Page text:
Speaking during the inaugural voyage of Regent’s new Seven Seas Explorer, CEO Frank Del Rio said that he was just ‘waiting for the phone to ring’ before inaugurating a series of Cuba sailings with ships from right across the Norwegian/Regent/Oceania Cruises portfolio.
One source states that the Cuban born Del Rio actually named the Norwegian Sky as being the ship to probably start regular, year round Cuba cruises beginning in 2017. Other sources say that he refused to name any specific ship.
Assuming that the right ship has been identified, it would mean the 78,000 ton, 1999 built Norwegian Sky forsaking her usual, year round itinerary of three and four night Bahamas cruises from Miami. With several alternative dining venues and a reasonable number of balcony cabins, there is no question that the Norwegian Sky could work well as an immediately available start up ship, though it seems doubtful that Norwegian would completely abandon the lucrative, short Bahamas cruise run.
How might it work? Probably, the Norwegian Sky would sail on seven night, round trip cruises to Cuba from Miami. The ship could spend two, or even three, nights docked in Havana, where the revenue stream to be tapped from shore excursion sales must be extremely tempting to Norwegian Cruise Line. The ship could also offer one, perhaps even two calls at ports such as Grand Cayman and Key West.
In any event, it would be gratifying to see this still beautiful ship running on something more demanding than short, pedestrian jaunts around the Bahamas.
Continuing to fine tune it’s operations in Asia-Pacific in Australia, Norwegian Cruise Line has announced plans to deploy the Norwegian Jewel out of Australia over the winter of 2017-18.
The 93,502 ton, 2,376 passenger ship, built in 2005 and recently extensively refurbished, will leave Vancouver for Sydney via a forty day redeployment voyage, beginning on October 3rd, 2017. En route, the ship will offer a string of Hawaiian and Polynesia itineraries.
Beginning on November 12th with a five day sailing to Tasmania, the Norwegian Jewel will offer seven round trip cruise itineraries from Sydney, including one nine day voyage, and a series of ten to sixteen day sailings between Australia and New Zealand.
This first season will end on February 20th 2018, when the ship will leave Sydney on an eighteen day itinerary to Singapore. Following this, Norwegian Jewel will sail on an as yet unspecified series of cruises to Vietnam, Korea, Hong Kong, Japan and China.
The lack of a specific return date to America for the Norwegian Jewel is being interpreted in some quarters as evidence that the ship will then switch to the Chinese market, but I personally think that such a move seems unlikely without a substantial- and as yet unconfirmed- refit to equip her for the Chinese cruise trade.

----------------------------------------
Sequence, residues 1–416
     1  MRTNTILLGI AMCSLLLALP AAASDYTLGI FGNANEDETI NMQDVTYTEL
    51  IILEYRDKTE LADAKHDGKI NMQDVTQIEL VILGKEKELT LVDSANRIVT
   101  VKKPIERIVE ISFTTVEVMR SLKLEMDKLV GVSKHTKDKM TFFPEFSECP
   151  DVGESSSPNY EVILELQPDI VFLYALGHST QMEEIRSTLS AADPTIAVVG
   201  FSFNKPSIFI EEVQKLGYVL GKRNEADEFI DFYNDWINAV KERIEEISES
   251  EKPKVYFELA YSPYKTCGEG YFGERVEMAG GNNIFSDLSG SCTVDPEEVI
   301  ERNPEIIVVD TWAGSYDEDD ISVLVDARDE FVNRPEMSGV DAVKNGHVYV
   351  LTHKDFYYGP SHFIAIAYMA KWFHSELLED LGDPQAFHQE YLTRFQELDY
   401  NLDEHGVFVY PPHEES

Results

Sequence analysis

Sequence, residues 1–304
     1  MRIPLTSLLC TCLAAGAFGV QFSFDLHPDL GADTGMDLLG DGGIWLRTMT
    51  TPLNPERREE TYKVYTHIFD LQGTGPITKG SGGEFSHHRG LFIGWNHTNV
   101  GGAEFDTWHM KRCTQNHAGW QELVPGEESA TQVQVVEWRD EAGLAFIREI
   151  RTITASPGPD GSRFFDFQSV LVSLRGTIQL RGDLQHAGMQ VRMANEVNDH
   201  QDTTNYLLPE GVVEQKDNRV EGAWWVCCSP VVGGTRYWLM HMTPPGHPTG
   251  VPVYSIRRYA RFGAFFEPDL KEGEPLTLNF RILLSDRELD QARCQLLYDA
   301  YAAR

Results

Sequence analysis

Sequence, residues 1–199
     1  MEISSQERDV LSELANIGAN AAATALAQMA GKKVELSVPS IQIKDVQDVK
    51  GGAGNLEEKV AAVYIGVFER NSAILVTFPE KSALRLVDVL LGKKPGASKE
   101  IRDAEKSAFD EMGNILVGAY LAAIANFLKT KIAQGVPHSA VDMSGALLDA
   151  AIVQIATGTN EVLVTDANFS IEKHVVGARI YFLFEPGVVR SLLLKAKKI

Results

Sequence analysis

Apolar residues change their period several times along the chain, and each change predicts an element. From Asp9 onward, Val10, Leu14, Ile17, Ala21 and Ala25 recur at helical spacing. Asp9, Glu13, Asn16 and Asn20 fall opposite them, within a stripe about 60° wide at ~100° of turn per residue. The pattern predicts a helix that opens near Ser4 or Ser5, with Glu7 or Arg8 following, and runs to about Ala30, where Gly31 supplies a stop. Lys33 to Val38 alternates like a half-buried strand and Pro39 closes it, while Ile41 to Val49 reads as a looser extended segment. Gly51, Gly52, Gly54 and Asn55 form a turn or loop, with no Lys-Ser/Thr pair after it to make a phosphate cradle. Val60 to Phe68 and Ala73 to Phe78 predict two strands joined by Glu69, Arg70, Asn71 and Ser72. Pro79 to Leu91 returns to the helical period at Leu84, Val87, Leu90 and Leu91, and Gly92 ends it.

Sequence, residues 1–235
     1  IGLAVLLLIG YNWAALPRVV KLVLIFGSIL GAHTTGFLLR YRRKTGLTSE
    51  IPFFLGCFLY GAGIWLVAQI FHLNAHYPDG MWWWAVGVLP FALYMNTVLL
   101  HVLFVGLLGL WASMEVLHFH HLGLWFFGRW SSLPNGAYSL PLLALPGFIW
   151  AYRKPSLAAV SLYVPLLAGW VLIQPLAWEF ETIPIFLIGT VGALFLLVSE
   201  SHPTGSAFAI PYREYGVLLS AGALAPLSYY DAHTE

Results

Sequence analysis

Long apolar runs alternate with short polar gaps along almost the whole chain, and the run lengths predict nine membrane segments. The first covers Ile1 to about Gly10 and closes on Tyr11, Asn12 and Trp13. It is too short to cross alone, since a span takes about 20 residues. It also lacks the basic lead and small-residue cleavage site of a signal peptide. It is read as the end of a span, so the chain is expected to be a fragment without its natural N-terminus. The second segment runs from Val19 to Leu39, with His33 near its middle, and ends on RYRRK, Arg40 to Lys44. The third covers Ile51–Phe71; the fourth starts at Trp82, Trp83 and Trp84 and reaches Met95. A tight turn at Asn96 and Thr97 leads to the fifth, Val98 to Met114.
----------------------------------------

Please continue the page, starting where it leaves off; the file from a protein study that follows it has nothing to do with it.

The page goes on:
It looks very much like the end of the line for the Louis Aura.
The 16,400 ton ship has been towed from Piraeus to the outer port of Salamina and placed in what is described as a ‘state of permanent lay up’.
For several years now, the Louis Aura– the only ship in the fleet not to be rebranded with the Celestyal livery- has survived on a series of French charters, as well as making short summer cruises from Limassol for the Louis group itself.
Though the decision to lay up the still elegant, 1968 built twin stacked ship is sad, it has been somewhat inevitable for a few years now. Louis Aura has grown increasingly more expensive to operate, and that, combined with her advanced age, was bound to accelerate her ultimate demise.
She was originally built in Germany in 1968 as the Starward, the first year round, purpose built Caribbean cruise ship, for Norwegian Cruise Line. As such, she was nothing less than the pioneer of the modern Caribbean cruise ship. Starward sailed for NCL until as late as 1995 and remained an immensely popular ship to the end.
She then went to Festival Cruises and sailed for nine years as the Bolero on mainly seven night long Mediterranean routes. In this role, she was often chartered out during the summer to the British holiday operator, First Choice.
Then, in July 2006, sailing under the name of Orient Queen, she gained world wide media attention when used to evacuate refugees fleeing the conflict in war torn Lebanon.
After a $15 million dollar renovation, the ship was sold in August of 2006 to the then Louis Cruises, who operated her on a series of three, four, and seven days cruises from both Piraeus and Limassol, to the Greek Islands and Turkey. Her relatively small size and large amount of open deck space made her the perfect ship for these itineraries. I enjoyed a memorable weekend aboard her in September, 2012, on just one such cruise. For the following season, she received her final name of Louis Aura.
Even then, there was a sense that the still pretty ship was very much on borrowed time. She managed a couple of seasons on European charters before the decision to lay her up in Salamina was finally taken.
Sadly, it seems almost certain that her last voyage to the scrapyard beckons. She was one of the true, pioneering cruise ships, and many people retain fond memories of their time aboard what was one of the most forward thinking and evolutionary cruise ships of all time.
She will be sadly missed, but few ships have served so well, for so long. Her dignity remains intact to the end.